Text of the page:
John F. Sutton, Jr.*
The profession is indebted to The Texas Center for Legal Ethics and Professionalism and to the Julius Glickman Research Chair in Business and Professional Ethics for providing this opportunity, with The Review of Litigation, to explore the problems of conflicts of interest. These problems are among our most inescapable and disconcerting areas of professional responsibility.
The focus of The Review of Litigation naturally is on conflicting interests in litigation, which have high visibility from many disqualification decisions. Transactional lawyers, however, also face similar conflicting interest issues, covered by the same disciplinary rules.
This introduction is an overview of three basic systems for controlling conflicting interests: disciplinary sanctions, procedural sanctions, and personal ethics. The premise of this introduction is that these systems are not functioning satisfactorily, largely due to the failure to establish separate standards for disciplinary, procedural, and ethical purposes. The early confusion was in separating ethics and law. Now the main confusion is between the appropriate uses of procedural disqualification standards and disciplinary standards.
Emphasis is on the conflicts between former and current clients because in that setting are the most troublesome disqualification standards. There are, of course, other equally important issues of conflicting interests, particularly among present clients1 and between lawyer and client.2 These conflicting interest issues arise in office practice as well as in litigation.
I. Standards Governing Conflicting Interests: Ethics or Law?3
Is the lawyer confronted with a conflicting interest problem to be guided by "ethics"-by the lawyer's own sense of right and wrong and of loyalty to present and former clients and to the judicial system? By the locally enforceable law of professional discipline? By a court's procedural disqualification standards? By liability standards of tort, fiduciary, and contract law? In other words, by enforceable law or by personal ethics?
A careful lawyer will be guided by all of those controls, legal and ethical. A sense of morality or ethics helps avoid questionable entanglements. When enforceable legal standards leave room for the exercise of personal discretion, personal ethics should guide the lawyer.
II. Conflicting Interests Standards: Disciplinary and Procedural
A pressing but inadequately probed issue is the extent to which legal standards for conflicting interests should vary according to the remedy being sought. A single standard cannot be effective and fair as a hortatory guide to personal ethics, a quasi-penal law punishing lawyers by disbarment or other penalty, a procedural disqualification rule, and a tort or fiduciary standard for the recovery of damages by an injured person.
Each remedy serves particular policy interests. A procedural remedy should safeguard prompt, fair trials. A motion to disqualify invokes a primary concern whether disqualification will be just and fair to each party. Fairness of the trial, not fault of the lawyer, is the key.
The comprehensive disciplinary systems4 of the states are designed to determine whether a lawyer has violated disciplinary law and, if so, the proper punishment. Disqualification motions are not a part of that disciplinary process. The appropriate action for a court, upon learning during a disqualification hearing of a violation of disciplinary standards, is to notify the disciplinary authority, which should then determine fault and punishment. Appropriate action does not include use of disqualification as punishment.5 Rather, disqualification serves to guard against prejudicial or unfair trials. Most courts have eschewed giving extradisciplinary effect to disciplinary law6-except, unfortunately, when making procedural decisions in disqualification hearings.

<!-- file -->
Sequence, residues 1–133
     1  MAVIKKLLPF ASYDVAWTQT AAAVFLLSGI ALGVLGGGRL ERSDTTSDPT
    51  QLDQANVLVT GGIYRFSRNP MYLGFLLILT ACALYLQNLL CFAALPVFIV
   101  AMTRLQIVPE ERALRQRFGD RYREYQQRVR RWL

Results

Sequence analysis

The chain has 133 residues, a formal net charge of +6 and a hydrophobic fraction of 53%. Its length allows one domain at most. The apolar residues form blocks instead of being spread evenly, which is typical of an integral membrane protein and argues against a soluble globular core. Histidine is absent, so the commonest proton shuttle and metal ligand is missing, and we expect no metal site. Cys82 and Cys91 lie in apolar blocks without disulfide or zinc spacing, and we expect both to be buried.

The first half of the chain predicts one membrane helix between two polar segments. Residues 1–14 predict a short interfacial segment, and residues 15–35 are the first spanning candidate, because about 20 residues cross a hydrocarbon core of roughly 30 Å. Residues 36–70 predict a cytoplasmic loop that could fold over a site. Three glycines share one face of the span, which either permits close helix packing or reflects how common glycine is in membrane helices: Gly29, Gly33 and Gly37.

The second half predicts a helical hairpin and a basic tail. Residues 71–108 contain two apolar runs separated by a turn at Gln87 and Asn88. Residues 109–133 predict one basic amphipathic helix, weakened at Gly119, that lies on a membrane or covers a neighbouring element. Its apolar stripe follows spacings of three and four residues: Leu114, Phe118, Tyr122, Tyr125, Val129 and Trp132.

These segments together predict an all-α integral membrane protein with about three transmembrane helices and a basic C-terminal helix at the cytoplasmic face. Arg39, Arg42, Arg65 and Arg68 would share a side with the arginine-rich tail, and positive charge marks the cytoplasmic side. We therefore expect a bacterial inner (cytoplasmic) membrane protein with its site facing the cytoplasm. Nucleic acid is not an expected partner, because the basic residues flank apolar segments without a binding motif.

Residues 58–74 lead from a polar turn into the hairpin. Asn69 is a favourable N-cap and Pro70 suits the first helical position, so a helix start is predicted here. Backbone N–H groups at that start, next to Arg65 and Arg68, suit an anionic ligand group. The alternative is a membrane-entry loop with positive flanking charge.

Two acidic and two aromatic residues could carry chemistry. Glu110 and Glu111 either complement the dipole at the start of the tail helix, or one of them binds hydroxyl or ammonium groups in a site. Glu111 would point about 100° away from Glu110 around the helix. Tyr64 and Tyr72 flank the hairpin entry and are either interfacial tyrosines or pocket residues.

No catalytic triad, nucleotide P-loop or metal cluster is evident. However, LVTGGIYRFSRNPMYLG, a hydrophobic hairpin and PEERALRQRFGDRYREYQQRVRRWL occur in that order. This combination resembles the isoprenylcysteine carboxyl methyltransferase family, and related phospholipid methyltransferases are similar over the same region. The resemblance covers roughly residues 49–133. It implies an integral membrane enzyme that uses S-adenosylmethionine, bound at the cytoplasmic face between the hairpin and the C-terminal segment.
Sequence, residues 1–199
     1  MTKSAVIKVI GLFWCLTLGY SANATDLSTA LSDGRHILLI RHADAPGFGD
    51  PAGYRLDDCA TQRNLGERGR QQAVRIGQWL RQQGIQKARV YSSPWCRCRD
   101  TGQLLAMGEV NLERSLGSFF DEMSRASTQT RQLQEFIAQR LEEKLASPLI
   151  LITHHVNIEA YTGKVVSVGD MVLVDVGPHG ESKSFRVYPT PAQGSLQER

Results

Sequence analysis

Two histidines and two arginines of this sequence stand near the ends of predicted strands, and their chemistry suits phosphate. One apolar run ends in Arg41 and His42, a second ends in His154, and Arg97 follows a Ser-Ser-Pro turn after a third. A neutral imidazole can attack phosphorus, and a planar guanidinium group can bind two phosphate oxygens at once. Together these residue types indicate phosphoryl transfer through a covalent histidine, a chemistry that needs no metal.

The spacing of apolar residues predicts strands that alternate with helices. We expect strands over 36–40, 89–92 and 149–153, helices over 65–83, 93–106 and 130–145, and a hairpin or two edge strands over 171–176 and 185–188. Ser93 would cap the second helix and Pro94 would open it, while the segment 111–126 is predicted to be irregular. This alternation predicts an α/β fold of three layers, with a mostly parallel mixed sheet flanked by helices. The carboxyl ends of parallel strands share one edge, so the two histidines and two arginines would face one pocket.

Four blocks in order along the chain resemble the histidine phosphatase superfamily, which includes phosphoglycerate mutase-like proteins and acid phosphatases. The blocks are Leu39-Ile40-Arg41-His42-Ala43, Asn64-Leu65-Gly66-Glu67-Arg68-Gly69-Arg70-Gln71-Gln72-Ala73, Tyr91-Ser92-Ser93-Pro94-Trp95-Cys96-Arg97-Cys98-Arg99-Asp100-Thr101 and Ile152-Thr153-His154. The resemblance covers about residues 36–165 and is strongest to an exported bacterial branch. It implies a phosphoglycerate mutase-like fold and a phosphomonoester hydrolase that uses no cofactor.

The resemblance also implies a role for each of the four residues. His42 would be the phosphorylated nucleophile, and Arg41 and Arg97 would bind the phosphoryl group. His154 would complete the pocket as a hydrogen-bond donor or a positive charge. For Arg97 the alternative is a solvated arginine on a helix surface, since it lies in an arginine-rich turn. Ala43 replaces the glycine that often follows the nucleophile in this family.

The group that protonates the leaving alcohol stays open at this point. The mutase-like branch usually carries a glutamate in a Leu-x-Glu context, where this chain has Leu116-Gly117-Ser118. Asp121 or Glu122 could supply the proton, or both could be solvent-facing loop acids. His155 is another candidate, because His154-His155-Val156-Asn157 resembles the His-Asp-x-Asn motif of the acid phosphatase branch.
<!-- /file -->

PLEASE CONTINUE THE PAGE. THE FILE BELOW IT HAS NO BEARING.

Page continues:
Most courts, having failed to adopt specific disqualification rules, have filled the gap by using disciplinary standards as makeshift procedural rules. Often, the disciplinary standard is applied mechanically,7 word for word, without regard to its appropriateness as a procedural remedy. This incongruous use results in part from the inapt attitude that the role of disqualification is to enforce disciplinary rules.8 Sometimes, courts seek to avoid the charge of misuse of a disciplinary rule by stating that it is being used only as a "guideline."9 "Guideline" use is appropriate, of course, but requires analysis of the usefulness of a rule's underlying policies in achieving a fair trial, rather than a mechanical verbatim application.10
III. History of Formalized Ethical and Disciplinary Standards
The 1908 Canons of Professional Ethics of the American Bar Association (ABA) originally were statements of "ethics," or hortatory appeals to conscience. They were designed to give lawyers good ideas regarding commendable professional conduct. Comparable ethical guidelines for lawyers are the ABA Lawyers Pledge of Professionalism, the ABA Lawyers Creed of Professionalism, and the Texas Lawyers Creed-A Mandate for Professionalism.
Courts soon began using the hortatory 1908 Canons as if they were disciplinary standards for grievance proceedings. Later, specific rules were added to those Canons, resulting in a confusing mix of general admonitions and disciplinary standards. Because the many vague generalities failed to give fair notice, lawyers often were punished on an essentially standardless, ad hoc basis. In 1965 ABA